Cosmos coffee in the Deutsches Museum

Today we decided to drink coffee in the special exhibition of the German Museum, founded by Oskar von Miller, the famous engineer, in 1905. It was finally opened in 1925 and is now the largest science and technology museum in the entire world. Prices have gone up since I last visited, an adult pays €14, so be sure to bring along plenty of time.

The “Cosmos Coffee”, on the second floor passing through the Physics department, runs through May 2020. There are many exhibitions on at the same time, also plenty of demonstrations and guided tours which are free of extra charge.

Our tour guide lived in Venezuela for many years and was very competent. She showed us the plants, the coffee flowers of the more delicate plants, the “talking drawers” with old slogans and clichés, the “smelling machines”, the coffee room, the roasting machines, the different bean colors depending on the roasting temperature.

One cup of coffee requires 140 liters of water to let the plants grow and mature, about 5-7 years. The plant came originally from Ethiopia where it is said the goats ate the berries and capered around more than usual. To the human palate the berries were too acid and hard, so they were tossed into the fire – where they developed a fantastic chocolatey aroma. From Africa, coffee made its way to Al Mokha, Yemen and to Istanbul, Turkey, and from there to many others, reaching the US in the 17th and Russia in the 18th century.

harvest workers on the way home a man sprays pesticides on the plants without a mask

The special roast “Cosmos Coffee” at the Museum is 80% Robusta and 20% Arabica. At the bar you can order from a large menu of 8 roasts and 6 kinds of preparing. The espresso was too strong, but the cappucino was delicious and the young barista makes the best hearts and swirls into the milky froth. You can stand at the tall tables or sit down on the benches and relax with a Florentine biscuit.

Hedwig’s Hundred Household Helpers: coffee grounds make the world go round

A man in a diner calls out to the employee : “Waiter! This coffee tastes like mud!”

Says the waiter: “Why sure! It was only ground this morning.”  is the site to go to! They take all those leftover coffee grounds, mix them with some kind of special resin or glue and make fabulous-looking as well as good-smelling cups and saucers out of those very coffee grounds. They do cappuccino cups, larger cups and ! new addition ! the Weducer cup for your coffee-to-go cup. I love not only the smell, but more even the idea. (What I don’t really like are those Nespresso- capsule- flowery- recycled- thingies).  I have also tested the Spülmaschinen -festigkeit / dishwasher proof-ness of the cups and they have survived that test quite well.    kaffeeform Kaffeeform UG (haftungsbeschränkt)  Coffee recycling products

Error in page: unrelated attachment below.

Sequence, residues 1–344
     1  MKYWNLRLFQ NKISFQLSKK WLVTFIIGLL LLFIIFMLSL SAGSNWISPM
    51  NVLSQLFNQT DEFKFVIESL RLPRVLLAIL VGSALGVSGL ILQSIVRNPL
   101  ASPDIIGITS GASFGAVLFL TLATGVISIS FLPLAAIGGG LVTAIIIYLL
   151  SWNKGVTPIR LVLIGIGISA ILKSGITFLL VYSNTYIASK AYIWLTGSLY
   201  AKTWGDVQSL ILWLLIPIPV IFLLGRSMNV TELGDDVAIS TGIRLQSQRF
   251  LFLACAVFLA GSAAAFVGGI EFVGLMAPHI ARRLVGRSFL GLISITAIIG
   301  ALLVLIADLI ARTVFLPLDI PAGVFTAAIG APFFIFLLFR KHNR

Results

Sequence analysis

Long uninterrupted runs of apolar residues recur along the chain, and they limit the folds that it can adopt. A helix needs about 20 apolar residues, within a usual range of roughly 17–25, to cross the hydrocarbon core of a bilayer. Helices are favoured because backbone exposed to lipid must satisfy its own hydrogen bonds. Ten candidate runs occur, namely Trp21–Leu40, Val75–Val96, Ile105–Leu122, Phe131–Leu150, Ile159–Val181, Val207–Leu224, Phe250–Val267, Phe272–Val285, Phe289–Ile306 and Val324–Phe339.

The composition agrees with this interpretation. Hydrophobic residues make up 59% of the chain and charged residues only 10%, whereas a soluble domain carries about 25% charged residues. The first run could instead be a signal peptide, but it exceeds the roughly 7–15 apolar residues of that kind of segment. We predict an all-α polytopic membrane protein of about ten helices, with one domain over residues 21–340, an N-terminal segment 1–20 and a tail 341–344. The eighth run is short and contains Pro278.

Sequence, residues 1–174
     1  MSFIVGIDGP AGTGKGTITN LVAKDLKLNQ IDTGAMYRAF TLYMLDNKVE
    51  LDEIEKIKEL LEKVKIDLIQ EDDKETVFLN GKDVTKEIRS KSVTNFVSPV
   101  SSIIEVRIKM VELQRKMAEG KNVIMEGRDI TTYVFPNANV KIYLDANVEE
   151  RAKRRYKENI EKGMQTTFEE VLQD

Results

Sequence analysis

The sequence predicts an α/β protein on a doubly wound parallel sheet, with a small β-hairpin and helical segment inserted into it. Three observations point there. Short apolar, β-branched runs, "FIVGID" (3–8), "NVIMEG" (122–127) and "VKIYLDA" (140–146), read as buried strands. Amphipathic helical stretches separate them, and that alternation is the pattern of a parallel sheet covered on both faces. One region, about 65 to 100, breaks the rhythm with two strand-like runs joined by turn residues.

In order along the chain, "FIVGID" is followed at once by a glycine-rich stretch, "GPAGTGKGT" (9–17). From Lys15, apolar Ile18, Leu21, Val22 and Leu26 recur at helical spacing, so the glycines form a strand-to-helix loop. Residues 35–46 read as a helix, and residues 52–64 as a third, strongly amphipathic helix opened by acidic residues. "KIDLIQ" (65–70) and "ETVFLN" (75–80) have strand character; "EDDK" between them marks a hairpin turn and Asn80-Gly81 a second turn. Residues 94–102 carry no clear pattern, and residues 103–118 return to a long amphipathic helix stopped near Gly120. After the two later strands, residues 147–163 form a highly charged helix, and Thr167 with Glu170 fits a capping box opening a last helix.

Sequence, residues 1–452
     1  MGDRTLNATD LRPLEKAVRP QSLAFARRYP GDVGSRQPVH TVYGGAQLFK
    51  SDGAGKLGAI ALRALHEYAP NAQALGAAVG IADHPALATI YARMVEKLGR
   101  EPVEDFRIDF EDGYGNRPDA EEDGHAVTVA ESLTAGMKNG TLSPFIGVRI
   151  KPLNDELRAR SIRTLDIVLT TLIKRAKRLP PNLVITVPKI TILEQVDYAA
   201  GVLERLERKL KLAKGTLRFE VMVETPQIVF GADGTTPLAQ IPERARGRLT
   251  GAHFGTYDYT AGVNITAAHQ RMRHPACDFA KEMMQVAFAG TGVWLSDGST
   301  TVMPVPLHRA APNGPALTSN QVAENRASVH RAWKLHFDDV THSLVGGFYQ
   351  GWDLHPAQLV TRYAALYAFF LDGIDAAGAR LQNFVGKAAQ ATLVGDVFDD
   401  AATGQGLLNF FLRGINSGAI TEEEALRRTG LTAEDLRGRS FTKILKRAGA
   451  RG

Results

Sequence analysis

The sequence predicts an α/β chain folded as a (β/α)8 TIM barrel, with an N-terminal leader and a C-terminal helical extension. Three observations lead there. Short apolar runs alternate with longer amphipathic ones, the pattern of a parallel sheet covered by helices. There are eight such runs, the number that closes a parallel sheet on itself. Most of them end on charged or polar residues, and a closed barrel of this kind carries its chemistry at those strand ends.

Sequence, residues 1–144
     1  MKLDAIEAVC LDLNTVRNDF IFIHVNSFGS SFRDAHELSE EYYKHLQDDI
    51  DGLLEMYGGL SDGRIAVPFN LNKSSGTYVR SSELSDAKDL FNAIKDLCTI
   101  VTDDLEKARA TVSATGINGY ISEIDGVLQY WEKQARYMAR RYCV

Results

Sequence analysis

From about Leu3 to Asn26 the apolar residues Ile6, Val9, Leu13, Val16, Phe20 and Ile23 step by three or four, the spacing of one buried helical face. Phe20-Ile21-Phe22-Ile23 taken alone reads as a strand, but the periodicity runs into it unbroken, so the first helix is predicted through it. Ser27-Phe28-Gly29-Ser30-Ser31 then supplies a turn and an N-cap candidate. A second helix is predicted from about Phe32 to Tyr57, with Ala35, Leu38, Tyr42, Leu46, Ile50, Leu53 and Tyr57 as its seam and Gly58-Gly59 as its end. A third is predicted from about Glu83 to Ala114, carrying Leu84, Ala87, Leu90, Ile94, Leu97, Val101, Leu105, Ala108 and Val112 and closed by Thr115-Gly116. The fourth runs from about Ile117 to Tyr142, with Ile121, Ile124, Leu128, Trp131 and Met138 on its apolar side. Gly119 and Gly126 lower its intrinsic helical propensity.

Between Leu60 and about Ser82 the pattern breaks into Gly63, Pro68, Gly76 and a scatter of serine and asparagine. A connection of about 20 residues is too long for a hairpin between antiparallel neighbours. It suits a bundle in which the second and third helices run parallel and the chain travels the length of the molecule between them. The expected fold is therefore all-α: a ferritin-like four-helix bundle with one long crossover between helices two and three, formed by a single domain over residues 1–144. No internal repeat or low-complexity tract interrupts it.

Never fear, there are more ways to re-use those coffee grounds: One is to top up your fertilizer for, most of all, geraniums, but also other flowers. If you are not sure, take less or just use leftover cooled down coffee for watering. Most of my shrubs and flowers enjoy the extra douse or filter with grounds (yes, I hand filter. The Danish/ French press kind was too strong to my taste after a few years). You can simply mix it into the soil underneath the shrubs. Best compost!

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Another way to use them is cleaning your stuffed kitchen drain. Two teaspoons of grounds or so just swoosh down a clogged drain and open it up, together with lots of hot water and liquid detergent / Spüli. I was told off by the handiman NOT to use Drano et alia. as it would corrode the pipes (oh my!).

What I have not yet tried is coffee grounds as a dye for Batik or Easter eggs, so far I have tried chamomile tea and also onion peels, which work well.20170509_VIP Lounge.jpg

Hoo hoo! Time for some deliciously aromatic coffee! Savour it!